As well as offering unwanted distractions, replying throughout the day to text messages encourages pseudo-conversations with your friends and family. If you are always available, it is easy for your loved ones to become complacent about your relationship.
“We live in a world that is working to eliminate touch as one of our senses, to minimize the use of our hands to do things except poke at a screen.”– Cal Newport
High-quality leisure is crucial for human happiness. Despite this, more and more people are struggling to claim this all-important leisure. We forget about insufficient high-quality leisure we have because we fill this time with digital noise. That said, this digital noise does not have the same positive impact as high-quality leisure.
To provide a simple outline of how you can start to reclaim leisure, Cal Newport provides three leisure lessons:
- Prioritize demanding activity over passive consumption – Cal Newport encourages people to engage more in crafts. He introduces the idea of crafts as any activity where you apply the skill to something valuable. So, crafts are a good source of high-quality leisure. Crafts also help build your self-worth, something lost during the digital age.
- Use skills to produce valuable things – Your skills are crucial for making a difference in the physical world. However, they are also useful when playing games. Cal Newport emphasizes the effectiveness of playing games as a type of supercharged social interaction. Games are often higher intensity than everyday social interactions. This is a good thing. So, play board games and engage with social fitness and recreational sports leagues.
- Seek activities that require real-world social interactions – Cal Newport describes the interaction between the internet and leisure as a renaissance. Every individual has more leisure options at their disposal than ever before. The internet can be a positive thing if used to find genuine social interaction in the physical world. Digital technology should be present but subordinated to a support role.
Practices to Reclaim Leisure
Fix or Build Something Every Week
One way to create meaningful leisure that utilizes touch is by fixing or building something weekly. This might be changing your car oil, installing a new light fixture, or building your first shed.
Schedule Your Low-Quality Leisure
You will inevitably engage with some low-quality leisure during your time. That saio, to prevent these activities from taking over your life, Cal Newport recommends scheduling these low-quality leisure times in advance. He suggests that the vast majority of regular social media users can receive their social media value within just twenty to forty minutes of use per week. Then, you should fill this newly freed time with high-quality alternatives.
Follow Your Leisure Plans
Your free time should be as well planned as your productive time. So, Cal recommends planning out quarterly and weekly leisure plan objectives. Just like any objective, they should be specific and measurable. Plus, identify habits you should develop to help you reach your objectives.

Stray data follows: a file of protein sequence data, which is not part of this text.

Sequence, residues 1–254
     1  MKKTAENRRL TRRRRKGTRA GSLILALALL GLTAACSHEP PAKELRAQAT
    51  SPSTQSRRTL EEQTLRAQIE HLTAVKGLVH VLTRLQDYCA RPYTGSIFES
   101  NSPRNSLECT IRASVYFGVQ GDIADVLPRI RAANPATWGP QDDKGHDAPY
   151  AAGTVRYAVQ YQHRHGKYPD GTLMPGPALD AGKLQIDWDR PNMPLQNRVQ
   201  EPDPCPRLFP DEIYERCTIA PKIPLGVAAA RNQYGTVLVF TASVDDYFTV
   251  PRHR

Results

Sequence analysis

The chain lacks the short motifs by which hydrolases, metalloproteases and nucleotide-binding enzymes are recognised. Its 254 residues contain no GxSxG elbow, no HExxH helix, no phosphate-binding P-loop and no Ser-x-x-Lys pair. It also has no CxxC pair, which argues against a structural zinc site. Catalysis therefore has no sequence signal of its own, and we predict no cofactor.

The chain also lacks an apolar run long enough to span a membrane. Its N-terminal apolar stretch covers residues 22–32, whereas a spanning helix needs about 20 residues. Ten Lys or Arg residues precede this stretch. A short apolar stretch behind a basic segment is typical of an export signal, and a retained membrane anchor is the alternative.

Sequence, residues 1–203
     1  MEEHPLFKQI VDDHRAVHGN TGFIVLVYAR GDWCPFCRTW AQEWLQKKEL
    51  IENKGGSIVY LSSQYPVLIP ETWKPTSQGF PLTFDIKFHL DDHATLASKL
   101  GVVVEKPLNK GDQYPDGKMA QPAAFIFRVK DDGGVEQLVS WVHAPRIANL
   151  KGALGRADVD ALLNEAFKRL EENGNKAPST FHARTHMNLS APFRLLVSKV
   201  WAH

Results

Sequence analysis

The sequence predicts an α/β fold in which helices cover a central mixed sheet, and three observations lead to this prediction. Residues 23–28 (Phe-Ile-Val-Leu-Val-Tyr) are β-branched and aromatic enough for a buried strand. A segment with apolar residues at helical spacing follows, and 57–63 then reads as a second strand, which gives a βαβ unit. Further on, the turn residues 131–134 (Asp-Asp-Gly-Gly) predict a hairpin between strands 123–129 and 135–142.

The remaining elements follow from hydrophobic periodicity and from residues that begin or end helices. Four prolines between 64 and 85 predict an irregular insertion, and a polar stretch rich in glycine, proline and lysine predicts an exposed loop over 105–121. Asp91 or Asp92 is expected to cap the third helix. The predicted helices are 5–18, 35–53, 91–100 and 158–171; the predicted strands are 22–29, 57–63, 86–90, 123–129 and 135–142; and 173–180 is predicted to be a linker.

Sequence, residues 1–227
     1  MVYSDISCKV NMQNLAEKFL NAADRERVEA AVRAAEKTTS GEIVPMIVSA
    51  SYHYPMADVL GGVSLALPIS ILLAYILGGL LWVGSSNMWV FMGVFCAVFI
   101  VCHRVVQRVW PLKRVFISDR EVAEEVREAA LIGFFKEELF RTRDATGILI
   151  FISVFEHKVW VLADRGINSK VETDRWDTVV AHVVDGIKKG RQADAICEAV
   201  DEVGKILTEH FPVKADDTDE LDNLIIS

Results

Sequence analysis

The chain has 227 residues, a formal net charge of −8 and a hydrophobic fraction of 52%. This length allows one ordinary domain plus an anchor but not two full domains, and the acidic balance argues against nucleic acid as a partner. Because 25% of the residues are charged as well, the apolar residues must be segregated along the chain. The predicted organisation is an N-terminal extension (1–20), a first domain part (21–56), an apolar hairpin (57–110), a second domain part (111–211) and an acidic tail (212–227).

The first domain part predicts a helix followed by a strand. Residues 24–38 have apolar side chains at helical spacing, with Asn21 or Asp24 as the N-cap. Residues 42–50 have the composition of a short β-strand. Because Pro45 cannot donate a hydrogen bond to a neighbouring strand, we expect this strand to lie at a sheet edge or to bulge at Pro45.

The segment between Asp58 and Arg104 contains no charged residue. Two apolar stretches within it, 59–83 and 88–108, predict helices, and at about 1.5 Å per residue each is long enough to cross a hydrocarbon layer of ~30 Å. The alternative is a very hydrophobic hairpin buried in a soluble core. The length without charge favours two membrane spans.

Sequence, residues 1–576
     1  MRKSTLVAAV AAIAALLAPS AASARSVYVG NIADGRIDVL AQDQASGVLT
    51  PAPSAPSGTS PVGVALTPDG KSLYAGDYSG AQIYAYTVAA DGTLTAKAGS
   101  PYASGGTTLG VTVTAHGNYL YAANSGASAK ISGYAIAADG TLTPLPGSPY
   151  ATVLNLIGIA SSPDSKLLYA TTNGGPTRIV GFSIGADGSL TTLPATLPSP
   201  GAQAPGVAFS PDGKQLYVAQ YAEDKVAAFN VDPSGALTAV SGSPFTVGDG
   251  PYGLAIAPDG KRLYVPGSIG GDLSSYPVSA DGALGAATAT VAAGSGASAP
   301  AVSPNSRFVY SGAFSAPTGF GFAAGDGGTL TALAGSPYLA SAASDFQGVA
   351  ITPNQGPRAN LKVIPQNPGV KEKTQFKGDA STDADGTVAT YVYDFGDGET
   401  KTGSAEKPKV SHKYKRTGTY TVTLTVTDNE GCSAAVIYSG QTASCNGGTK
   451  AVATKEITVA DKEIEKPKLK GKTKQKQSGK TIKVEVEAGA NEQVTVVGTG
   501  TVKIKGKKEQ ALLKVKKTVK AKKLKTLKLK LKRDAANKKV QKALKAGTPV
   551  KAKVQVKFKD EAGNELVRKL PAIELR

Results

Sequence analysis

Every week, you should be figuring out what you can do to progress toward your quarterly objectives. Schedule these activities into your weekly planning. Suppose you are more intentional rather than spontaneous about your leisure. In that case, you will realize that leisure is forming a larger part of your life.
The digital world has a significant impact on all of our lives. That said, this doesn’t mean its impact is entirely positive. Cal Newport argues that technology is here to stay, so we must learn how to extract its best qualities and remove its bad ones. He identifies several things you can do to start making this change and adopt digital minimalism:
- Only keep the technologies that you require
- Spend time alone away from friends/family and your technology
- Take long walks to help clear your head
- Stop viewing virtual messages as real conversations
- Plan leisure time that is productive and enjoyable
PDF, Free Animation & Audiobook
If you have feedback about this summary or would like to share what you have learned, comment below.
New to StoryShots? Get the PDF, audio, and animated versions of this summary of Digital Minimalism and hundreds of other bestselling nonfiction books in our free top-ranking app. It’s been featured by Apple, Google, The Guardian and the UN as one of the world’s best reading and learning apps.
Related Book Summaries
Deep Work by Cal Newport
Flow by Mihaly Csikszentmihalyi
Moonwalking with Einstein by Joshua Foer
Essentialism by Greg McKeown
Stillness is the Key by Ryan Holiday
Indistractable by Nir Eyal
Alone Together by Sherry Turkle
Quiet by Susan Cain
The Shallows by Nicholas G. Carr
Ego is The Enemy by Ryan Holiday
10 Days to Faster Reading by Abby Marks-Beale
Limitless by Jim Kwik